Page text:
The decision to launch a fundraising campaign in the wake of a recession might appear optimistic.
Those urging universities to find new sources of income to plug the hole left by public spending cuts might, alternatively, conclude that we’ve rushed hastily into a concerted effort on fundraising.
In fact, we haven’t jumped, and weren’t pushed. We have been working hard since 2005 to revive the philanthropic tradition on which the University was built, laying the groundwork for launching a fundraising campaign and a new, long-term, sustainable source of income. They have established good relationships with influential supporters of the University across the globe, from America to Australia, Canada to Hong Kong, and found another 48,000 graduates to add to the 100,000 or so we knew about.
A feasibility study has been carried out involving staff, students and potential donors to identify how we can make a compelling case for philanthropy to support our strategic imperatives and enhance our research, teaching and learning and estate. Four broad research areas have been chosen – human health; arts and culture; climate change and environmental sustainability; and the social sciences – within an over-arching theme of inspiring and engaging our students.
These encompass some incredibly exciting projects, everything from an academy of cultural fellows which will bring outstanding early-career artists to the city, to increased investment in the diagnosis and treatment of viral, cardiovascular and neurological diseases.
Philanthropy cannot replace core funding, whatever politicians claim. From many conversations I’ve had with potential donors, it’s clear they never want to pick up the essential business they believe government, students or industry should fund. They want to invest in us because they can add excellence to our great qualities, to our activities and to our estate. They want to invest because they can help us increase our impact and academic strengths to achieve our strategic ambitions, because they can make a difference.
The refurbishment of our beautiful art gallery, together with a bequest of important 20th century artworks, is one such example, courtesy of the late Audrey Burton. The Ziff family’s generosity extends across the campus and over decades, most notably in the landmark student services building which replaced the grim Victorian police station conditions in which many of our student-facing staff used to work. Sir Jimmy Savile’s support is enabling talented medical students to follow their passion for inquiry and research at undergraduate level, and there are other donors who wish to remain anonymous.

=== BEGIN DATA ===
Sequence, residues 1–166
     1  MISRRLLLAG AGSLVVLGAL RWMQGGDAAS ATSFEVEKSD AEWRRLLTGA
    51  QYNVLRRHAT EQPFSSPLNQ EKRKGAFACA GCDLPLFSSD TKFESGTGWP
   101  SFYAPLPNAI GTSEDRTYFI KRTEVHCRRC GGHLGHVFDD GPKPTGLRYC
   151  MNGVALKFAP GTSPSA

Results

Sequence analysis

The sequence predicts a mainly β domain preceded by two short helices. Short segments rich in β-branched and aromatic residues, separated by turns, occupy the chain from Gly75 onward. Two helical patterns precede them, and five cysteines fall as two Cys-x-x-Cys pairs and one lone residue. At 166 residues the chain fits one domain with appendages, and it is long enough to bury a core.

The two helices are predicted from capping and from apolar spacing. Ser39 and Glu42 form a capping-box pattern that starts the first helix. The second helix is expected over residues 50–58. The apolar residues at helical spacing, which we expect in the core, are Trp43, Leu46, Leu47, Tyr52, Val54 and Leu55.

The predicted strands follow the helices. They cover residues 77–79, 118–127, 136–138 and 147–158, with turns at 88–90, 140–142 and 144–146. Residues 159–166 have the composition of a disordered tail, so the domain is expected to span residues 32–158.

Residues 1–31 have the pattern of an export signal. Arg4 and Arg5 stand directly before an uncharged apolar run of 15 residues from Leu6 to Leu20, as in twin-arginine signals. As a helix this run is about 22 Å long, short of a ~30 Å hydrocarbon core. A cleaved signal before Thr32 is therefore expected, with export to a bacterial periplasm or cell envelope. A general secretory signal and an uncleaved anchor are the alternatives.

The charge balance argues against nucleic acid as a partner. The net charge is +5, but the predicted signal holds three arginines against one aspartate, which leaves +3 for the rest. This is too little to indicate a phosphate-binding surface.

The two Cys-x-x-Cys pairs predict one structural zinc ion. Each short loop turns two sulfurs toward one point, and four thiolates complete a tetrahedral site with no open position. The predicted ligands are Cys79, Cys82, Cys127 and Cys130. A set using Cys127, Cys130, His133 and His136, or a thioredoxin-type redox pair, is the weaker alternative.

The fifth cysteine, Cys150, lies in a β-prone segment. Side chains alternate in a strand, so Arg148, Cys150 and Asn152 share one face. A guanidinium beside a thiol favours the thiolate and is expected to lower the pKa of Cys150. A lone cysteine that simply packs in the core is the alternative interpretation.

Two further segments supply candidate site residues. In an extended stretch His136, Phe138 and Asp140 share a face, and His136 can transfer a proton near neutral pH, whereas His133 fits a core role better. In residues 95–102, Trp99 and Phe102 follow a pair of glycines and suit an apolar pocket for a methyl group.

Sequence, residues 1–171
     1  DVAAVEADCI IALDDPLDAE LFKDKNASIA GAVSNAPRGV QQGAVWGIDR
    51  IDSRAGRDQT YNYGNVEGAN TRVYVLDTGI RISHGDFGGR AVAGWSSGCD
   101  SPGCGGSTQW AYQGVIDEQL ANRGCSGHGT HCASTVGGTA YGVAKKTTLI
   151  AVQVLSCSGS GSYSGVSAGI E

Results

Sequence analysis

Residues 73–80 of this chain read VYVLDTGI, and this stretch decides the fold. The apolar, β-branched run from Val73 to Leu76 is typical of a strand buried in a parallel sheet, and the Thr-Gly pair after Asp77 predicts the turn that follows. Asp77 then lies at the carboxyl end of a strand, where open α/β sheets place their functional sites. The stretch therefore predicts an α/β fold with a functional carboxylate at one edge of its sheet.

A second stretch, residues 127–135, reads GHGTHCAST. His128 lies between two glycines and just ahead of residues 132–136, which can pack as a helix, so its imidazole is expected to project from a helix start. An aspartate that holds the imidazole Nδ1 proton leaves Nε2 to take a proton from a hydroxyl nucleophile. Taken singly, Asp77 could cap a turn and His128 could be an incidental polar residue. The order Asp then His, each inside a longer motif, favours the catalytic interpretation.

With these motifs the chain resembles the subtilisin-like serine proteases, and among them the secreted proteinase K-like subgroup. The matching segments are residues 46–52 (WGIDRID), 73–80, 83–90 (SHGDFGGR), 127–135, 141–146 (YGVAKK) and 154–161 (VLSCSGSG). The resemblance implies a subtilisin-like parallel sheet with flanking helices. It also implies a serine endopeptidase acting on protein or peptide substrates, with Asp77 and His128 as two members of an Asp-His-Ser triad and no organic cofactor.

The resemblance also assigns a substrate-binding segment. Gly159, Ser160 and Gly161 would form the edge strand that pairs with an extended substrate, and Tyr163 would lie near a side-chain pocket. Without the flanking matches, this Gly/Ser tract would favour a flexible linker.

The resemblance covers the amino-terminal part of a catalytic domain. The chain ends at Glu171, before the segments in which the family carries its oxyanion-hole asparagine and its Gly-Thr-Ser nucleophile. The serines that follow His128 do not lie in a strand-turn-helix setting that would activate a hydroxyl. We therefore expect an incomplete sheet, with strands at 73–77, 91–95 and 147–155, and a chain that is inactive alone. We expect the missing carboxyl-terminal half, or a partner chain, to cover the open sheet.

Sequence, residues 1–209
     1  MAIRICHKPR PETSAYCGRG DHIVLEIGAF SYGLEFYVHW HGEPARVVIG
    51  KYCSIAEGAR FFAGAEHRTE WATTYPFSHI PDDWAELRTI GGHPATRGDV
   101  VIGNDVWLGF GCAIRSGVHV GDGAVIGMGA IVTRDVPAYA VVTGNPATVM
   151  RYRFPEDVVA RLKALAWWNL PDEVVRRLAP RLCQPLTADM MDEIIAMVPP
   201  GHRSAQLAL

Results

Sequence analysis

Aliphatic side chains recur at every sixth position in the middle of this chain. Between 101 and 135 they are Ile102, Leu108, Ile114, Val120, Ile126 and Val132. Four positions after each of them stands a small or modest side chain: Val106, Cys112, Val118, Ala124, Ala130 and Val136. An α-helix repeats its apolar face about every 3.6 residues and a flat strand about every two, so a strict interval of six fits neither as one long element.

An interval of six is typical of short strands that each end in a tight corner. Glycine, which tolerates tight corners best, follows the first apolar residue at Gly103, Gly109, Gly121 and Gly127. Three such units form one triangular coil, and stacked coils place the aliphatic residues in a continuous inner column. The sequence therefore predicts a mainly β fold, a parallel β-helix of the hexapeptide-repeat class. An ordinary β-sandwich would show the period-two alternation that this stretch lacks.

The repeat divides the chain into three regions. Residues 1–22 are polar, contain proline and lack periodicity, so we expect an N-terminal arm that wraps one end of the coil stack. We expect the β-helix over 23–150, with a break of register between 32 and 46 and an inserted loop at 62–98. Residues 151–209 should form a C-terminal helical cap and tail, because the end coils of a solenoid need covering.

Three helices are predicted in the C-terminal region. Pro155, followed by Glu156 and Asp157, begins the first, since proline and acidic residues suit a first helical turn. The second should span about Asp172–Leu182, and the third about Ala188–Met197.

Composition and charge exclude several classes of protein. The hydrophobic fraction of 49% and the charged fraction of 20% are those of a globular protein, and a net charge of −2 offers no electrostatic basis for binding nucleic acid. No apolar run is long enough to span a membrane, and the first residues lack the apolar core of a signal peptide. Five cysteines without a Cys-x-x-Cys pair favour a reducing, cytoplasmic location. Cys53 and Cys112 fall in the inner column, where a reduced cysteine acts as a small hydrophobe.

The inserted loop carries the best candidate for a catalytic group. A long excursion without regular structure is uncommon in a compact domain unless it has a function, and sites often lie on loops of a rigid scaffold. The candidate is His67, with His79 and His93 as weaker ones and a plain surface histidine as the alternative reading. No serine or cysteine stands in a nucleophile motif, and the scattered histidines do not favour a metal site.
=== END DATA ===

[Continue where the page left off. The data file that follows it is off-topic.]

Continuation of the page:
The fundraising working target has been set at £60 million over five years – a relatively modest sum against an annual turnover of some £500 million – but it would more than double the amount we have every year to spend on strategic developments,* so it will have a massive impact. Council gave the go ahead earlier this month and the campaign now begins with a ‘quiet’ phase (where fundraising begins in earnest but there is little external publicity). The external launch follows in 2011/12 by which time we hope to have raised over half the target sum. If we are spectacularly successful, we can revise this upwards.
A fundraising campaign would have been unthinkable five years ago. Its launch is a reflection of the high esteem in which our staff and students are held and the self-confidence generated by a great deal of hard work, strategic focus and success. We have come a long way and, with a little help from our friends, we will continue on this positive trajectory – notwithstanding the many challenges we face.
Months of fairly intensive behind-the-scenes political lobbying by universities, individually
and collectively, about the value of higher education and its critical role in helping the UK out of the recession had secured some vague assurances, followed by cuts totalling £915 million by 2012/13 (for more on this see http://www.leeds.ac.uk/comms/financial/cuts/index.htm).
But as chair of the Russell Group, I decided it was time to put this issue into the public domain to try and secure from government the answer to one simple question – Will you please stop at £915 million? Timing, it seems, is everything; on a slow news day, the story was ‘splashed’ by the Guardian and subsequently picked up on the following days and weeks by TV, radio, newspapers and across the internet. Thousands of words, dozens of news clips, and sound bites, three ministerial articles, numerous speeches and references in the House and even – we’ve been led to believe – a Cabinet discussion poured forth. Sadly, there is still a deafening silence on that one simple question.
So we still don’t know what the extent of the cuts will be, but we remain determined that they will not sweep away the enormous progress we have made. I am passionate about the future of this University and our staff and students, and I will ensure that we do everything in our power to protect us from what is to come. As we went to press, the University and UCU were holding discussions with help from the Arbitration, Conciliation and Advisory Services aimed at resolving the union’s dispute. Both sides I believe are genuinely trying to find a solution; at the end of the day, it is important that a university such as ours proceeds by agreement, guided by our values of openness, transparency, honesty, fairness, collegiality and upholding academic freedom.
* Current spend on the transformation and academic development projects is around £7 million including support for the Wolfson thermodynamics laboratory, the China office, Fulbright scholarships and a host of learning and teaching developments; ‘transformation’ research is supported in the areas of new pharmaceuticals, water, food security, future workplaces and cancer.